Most major port damage was due to the 6-8 foot storm surge plus a spring high tide that led to water levels in excess of 12 feet above normal. While storms such as Sandy are relatively rare, global sea level rise increases the likelihood that storms capable of similar impacts will occur in the future. For this reason, consideration should be given to making potential upgrades to the existing guidelines for coastal infrastructure design that include consideration of future sea level rise. Based on a review of the existing local building codes and the lessons learned from the interviews, the following recommendations were made:
A uniform building code should be created and applied for the entire harbor region, including port facilities. Currently, these facilities fall under exemptions to local building codes, which include the state codes of New York and New Jersey and the New York City building code.
The responsible state and municipal agencies should adopt ASCE 24 for siting of critical utility and mechanical equipment and should directly reference ASCE 24 for flood resistant design for all port facilities. (ASCE 24 is published by the American Society of Civil Engineers and presents the minimum requirements and performance expectations for the siting, design, and construction of buildings and structures in areas subject to flood hazard.)
The facility owners should adopt one of the available design documents (or create their own) as the primary source for all storm-related design—such as ASCE 24. Current practice is to rely on a series of documents that consistently cross-reference one another.
The Port Authority should add a section to their lease agreements devoted to Port specific structural considerations.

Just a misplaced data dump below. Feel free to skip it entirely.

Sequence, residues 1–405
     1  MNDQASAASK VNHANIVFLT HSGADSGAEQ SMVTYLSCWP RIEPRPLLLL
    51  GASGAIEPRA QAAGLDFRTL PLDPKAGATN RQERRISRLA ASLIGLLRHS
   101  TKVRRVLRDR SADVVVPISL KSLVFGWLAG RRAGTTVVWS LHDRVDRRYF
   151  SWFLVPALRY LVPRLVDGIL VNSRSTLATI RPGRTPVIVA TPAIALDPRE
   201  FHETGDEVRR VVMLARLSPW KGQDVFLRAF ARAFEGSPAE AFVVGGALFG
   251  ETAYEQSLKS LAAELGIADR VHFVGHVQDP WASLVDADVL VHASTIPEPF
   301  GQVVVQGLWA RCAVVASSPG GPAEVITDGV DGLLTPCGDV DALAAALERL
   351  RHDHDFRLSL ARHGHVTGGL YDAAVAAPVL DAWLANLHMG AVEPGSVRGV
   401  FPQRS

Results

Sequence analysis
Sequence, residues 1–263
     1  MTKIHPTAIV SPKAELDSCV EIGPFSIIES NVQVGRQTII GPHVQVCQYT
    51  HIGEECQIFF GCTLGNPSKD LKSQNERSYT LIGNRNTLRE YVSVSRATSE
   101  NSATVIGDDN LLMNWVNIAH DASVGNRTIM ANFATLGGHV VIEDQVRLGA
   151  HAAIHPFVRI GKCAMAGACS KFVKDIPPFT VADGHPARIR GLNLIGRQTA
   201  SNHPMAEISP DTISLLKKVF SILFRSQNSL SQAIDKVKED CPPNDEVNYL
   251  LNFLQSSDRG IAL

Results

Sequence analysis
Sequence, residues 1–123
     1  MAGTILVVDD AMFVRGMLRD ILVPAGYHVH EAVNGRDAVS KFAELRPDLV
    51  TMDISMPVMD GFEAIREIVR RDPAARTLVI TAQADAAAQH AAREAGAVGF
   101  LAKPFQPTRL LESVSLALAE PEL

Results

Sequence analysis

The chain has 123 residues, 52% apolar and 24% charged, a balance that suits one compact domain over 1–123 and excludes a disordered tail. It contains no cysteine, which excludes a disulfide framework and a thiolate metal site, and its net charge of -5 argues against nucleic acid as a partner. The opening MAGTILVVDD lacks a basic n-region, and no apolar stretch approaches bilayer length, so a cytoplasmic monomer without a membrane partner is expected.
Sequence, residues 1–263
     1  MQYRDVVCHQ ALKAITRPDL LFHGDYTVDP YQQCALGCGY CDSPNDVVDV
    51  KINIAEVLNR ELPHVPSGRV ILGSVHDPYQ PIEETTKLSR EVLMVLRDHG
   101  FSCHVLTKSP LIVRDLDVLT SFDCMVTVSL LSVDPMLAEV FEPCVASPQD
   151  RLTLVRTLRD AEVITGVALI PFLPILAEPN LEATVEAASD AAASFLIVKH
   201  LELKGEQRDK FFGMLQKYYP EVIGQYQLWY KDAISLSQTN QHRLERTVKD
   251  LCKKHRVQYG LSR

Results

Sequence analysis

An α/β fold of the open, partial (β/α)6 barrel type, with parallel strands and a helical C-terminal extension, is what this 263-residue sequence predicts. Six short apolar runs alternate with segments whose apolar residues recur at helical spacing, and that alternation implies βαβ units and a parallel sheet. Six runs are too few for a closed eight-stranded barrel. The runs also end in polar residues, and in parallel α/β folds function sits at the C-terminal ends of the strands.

The Port of New York and New Jersey should adopt a reasonable and consistent methodology for incorporating sea level rise in their planned engineering upgrades.
Merging resiliency principles from reviewed literature and the descriptions by stakeholders, a simple stepwise process was formulated for enhancing port resiliency. There are activities that can take place prior to a disruption (i.e., pre-event) or they can take place following the occurrence of an incident (post-event). The two timeframes may be further divided into two categories: 1) issues primarily defined by infrastructure and organizational mandates, and 2) those issues that are characterized by human behavior. It was evident from the interviews that many stakeholders felt that one of the keys to their success in reopening the Port quickly was their ability to improvise and establish ad hoc processes that drew on their prior relationships, their shared experiences, and their trust in one another’s professional expertise.
1 T.H. Wakeman and J.K. Miller, Lessons from Hurricane Sandy for Port Resilience, Final Report, University Transportation Research Center, Region 2, UTRC-RF Project No. 49997-56-24, December 2013, Available at: http://www.utrc2.org/publications/hurricane-sandy-port-resilience(link is external).
About This Project
Thomas Wakeman, Ph.D. (email@example.com(link sends e-mail)) is a Research Professor and Associate Departmental Director, Graduate Programs, Civil, Environmental and Ocean Engineering (CEOE) Department, Stevens Institute of Technology, Hoboken, NJ. He is also the Section Chair for Transportation System Resilience, Transportation Research Board. Jon Miller, Ph.D. (firstname.lastname@example.org(link sends e-mail)) is Associate Research Professor in Civil, Environmental and Ocean Engineering, Department and Assistant Director, Davidson Laboratory at Stevens. He is also Assistant Direc- tor, NJ Coastal Protection Technical Assistance Service. Grace Python was a graduate student at Stevens during the project and assisted with the project’s interviews.